During arguments, impeachment managers showed a flurry of excerpts from former president Trump's speeches in which he told supporters the only way he could lose is if the election results were rigged.
House Democrats prosecuting Donald Trump's impeachment trial have been methodically tracing his months long effort to undermine his supporters' faith in the election results.
During arguments on Wednesday, impeachment managers showed a flurry of excerpts from Trump speeches in which the then-president told supporters the only way he could lose is if the election results were rigged.
They say they will show he is responsible for last month's deadly riot at the US Capitol.
"This attack did not come from one speech and it didn't happen by accident," House Impeachment Manager Joaquin Castro argued. "The evidence shows clearly this mob was provoked over many months by Donald J Trump."
Incitement of violence
Opening arguments begin in Trump’s second impeachment trial, with prosecutors saying they'll prove he was no “innocent bystander” but the “inciter in chief” of the deadly attack at the Capitol aimed at overturning his election loss to Joe Biden.
Prosecutors argued efforts to challenge the results continued after the election, with Trump telling his supporters the election had been stolen and that they shouldn't accept the results.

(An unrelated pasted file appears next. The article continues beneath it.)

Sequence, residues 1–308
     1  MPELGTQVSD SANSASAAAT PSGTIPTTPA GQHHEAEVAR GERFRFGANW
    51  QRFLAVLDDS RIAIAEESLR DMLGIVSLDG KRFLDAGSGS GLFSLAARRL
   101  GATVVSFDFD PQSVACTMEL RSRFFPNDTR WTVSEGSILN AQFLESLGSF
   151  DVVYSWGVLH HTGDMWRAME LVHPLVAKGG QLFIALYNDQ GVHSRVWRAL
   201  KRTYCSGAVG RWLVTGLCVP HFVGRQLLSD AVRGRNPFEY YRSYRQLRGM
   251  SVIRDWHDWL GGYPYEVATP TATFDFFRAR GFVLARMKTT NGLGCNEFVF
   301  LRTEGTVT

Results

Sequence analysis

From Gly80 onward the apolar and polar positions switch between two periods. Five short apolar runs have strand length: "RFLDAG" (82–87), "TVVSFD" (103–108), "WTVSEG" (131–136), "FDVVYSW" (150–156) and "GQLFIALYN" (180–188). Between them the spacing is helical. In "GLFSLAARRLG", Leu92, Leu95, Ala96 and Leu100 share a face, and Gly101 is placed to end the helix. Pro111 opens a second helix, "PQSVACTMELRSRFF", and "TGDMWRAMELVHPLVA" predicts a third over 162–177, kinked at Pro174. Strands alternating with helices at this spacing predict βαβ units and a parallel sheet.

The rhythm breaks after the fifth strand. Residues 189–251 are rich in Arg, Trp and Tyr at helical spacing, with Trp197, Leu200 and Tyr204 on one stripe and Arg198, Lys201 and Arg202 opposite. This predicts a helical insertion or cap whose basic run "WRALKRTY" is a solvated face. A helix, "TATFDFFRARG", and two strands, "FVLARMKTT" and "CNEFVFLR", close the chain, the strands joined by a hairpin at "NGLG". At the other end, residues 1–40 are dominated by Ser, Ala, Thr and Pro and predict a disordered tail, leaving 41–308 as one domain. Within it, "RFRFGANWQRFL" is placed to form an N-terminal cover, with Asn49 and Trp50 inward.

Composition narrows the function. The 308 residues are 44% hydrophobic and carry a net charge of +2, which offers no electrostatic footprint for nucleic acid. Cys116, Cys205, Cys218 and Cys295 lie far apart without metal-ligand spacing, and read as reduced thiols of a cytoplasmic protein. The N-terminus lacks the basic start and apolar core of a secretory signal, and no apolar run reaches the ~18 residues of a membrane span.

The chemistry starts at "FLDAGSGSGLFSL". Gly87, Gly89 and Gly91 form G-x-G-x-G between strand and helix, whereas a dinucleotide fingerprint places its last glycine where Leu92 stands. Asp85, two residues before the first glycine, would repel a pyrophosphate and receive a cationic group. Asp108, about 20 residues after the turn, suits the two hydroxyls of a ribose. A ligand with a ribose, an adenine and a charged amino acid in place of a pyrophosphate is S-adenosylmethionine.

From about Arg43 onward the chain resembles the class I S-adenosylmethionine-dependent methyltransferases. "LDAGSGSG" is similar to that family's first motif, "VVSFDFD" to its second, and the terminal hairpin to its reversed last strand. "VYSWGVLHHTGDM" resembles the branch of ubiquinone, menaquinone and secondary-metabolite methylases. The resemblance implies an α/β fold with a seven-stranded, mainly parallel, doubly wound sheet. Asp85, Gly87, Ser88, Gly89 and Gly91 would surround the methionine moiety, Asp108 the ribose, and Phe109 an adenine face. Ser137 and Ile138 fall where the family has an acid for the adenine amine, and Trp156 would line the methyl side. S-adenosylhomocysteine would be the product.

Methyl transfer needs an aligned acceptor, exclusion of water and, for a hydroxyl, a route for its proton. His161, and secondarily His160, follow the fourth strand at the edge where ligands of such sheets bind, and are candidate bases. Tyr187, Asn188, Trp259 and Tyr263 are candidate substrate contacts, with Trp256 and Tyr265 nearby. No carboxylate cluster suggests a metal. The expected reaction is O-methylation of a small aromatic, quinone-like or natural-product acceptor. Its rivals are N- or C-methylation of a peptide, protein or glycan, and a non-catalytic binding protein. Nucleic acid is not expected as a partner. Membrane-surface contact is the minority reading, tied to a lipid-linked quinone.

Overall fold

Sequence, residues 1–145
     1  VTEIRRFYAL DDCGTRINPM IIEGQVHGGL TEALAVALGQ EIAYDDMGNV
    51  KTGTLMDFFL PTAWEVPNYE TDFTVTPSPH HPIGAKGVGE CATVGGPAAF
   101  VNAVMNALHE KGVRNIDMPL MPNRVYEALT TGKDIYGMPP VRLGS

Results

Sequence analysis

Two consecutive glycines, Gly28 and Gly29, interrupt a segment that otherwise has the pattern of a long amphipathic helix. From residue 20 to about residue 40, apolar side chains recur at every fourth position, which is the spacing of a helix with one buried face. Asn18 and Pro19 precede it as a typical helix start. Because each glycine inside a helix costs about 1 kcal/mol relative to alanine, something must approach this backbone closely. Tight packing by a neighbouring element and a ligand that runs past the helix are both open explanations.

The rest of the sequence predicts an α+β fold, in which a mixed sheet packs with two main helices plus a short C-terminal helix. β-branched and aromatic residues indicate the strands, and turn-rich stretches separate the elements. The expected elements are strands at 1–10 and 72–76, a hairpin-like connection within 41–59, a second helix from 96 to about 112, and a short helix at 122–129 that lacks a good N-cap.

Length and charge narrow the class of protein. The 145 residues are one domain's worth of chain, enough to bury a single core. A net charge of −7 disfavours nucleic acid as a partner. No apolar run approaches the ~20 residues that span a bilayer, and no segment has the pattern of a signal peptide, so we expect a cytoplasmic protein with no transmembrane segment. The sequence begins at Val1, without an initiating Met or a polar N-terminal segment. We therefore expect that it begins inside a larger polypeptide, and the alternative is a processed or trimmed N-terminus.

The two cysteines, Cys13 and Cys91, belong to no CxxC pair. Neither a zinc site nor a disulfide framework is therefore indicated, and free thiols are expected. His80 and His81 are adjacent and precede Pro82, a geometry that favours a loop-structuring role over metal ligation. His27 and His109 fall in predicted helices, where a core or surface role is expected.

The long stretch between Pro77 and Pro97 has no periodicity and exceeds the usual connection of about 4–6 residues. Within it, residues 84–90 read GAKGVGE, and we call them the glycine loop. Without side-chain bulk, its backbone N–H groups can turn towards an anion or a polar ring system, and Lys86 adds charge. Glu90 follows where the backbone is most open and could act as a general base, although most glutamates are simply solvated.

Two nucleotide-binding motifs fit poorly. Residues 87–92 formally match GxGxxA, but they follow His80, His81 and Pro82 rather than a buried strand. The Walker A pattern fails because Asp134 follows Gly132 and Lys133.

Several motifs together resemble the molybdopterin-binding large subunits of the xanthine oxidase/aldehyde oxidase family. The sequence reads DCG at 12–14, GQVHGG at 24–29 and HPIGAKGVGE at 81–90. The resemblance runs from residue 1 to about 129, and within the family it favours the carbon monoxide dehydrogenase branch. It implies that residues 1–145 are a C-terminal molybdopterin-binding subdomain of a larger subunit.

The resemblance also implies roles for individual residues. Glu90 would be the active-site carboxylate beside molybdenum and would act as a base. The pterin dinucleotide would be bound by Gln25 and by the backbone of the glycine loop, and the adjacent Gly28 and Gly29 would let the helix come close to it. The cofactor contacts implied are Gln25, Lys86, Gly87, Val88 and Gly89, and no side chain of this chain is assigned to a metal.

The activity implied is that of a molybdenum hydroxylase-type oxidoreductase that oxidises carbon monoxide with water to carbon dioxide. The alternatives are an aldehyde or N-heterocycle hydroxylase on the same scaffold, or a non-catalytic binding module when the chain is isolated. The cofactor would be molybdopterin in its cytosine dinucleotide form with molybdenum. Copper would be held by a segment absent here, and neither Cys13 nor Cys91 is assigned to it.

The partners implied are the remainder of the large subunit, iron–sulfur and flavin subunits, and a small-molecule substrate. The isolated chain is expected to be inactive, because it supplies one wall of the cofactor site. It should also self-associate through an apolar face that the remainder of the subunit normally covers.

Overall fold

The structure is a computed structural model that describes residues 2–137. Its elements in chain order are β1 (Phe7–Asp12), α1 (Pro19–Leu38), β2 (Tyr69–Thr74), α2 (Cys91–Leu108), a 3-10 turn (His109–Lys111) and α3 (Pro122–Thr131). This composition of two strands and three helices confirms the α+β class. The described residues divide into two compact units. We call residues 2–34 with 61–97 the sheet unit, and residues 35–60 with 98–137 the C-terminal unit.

Impeachment managers also pushed back at defence team arguments that Trump's words were protected by the First Amendment.
They said the case was not about protected political speech but rather about Trump's incitement of violence.
Calls for legal shakeup
Trump’s attorneys sought to halt the trial on constitutional grounds, but lost that bid on Tuesday.
Their arguments were meandering at times, leaving Trump fuming over his lawyers’ performance and allies questioning the defence strategy.
Some called for yet another shakeup to his legal team.
Capitol security footage
Senators, many of whom fled for safety the day of the attack, watched Tuesday's graphic videos of the Trump supporters who battled past police to storm the halls, Trump flags waving.
More video is expected on Wednesday, including some that hasn't been seen before.
Trump is the first president to face an impeachment trial after leaving office and the first to be twice impeached.
The riot followed a rally during which Trump urged his supporters to “fight like hell,” words his lawyers say were simply a figure of speech.
He is charged with “incitement of insurrection.”
“That’s a high crime and misdemeanour,” Represenative Jamie Raskin, D-Md., declared in opening remarks. “If that’s not an impeachable offence, then there’s no such thing.”
False election fraud claims
On Wednesday and into Thursday, the managers plan to tell a “succinct” story, according to the aides, who were granted anonymity to discuss the upcoming arguments.
They will start with Trump's false claims that there was massive election fraud and build to the January 6 riots as a “culmination” of his efforts to overturn his defeat.
The Democrats will argue that Trump inflamed and encouraged groups that had violent backgrounds, the aides say, and they will show how much worse it could have been.
The aides said they will use the new Capitol security footage to make that case, but did not describe it.
Security remains extremely tight at the Capitol, fenced off with razor wire and patrolled by National Guard troops.
Biden not watching
White House press secretary Jen Psaki said Biden would not be watching the trial.
“Joe Biden is the president, he’s not a pundit, he’s not going to opine on back and forth arguments,” she said.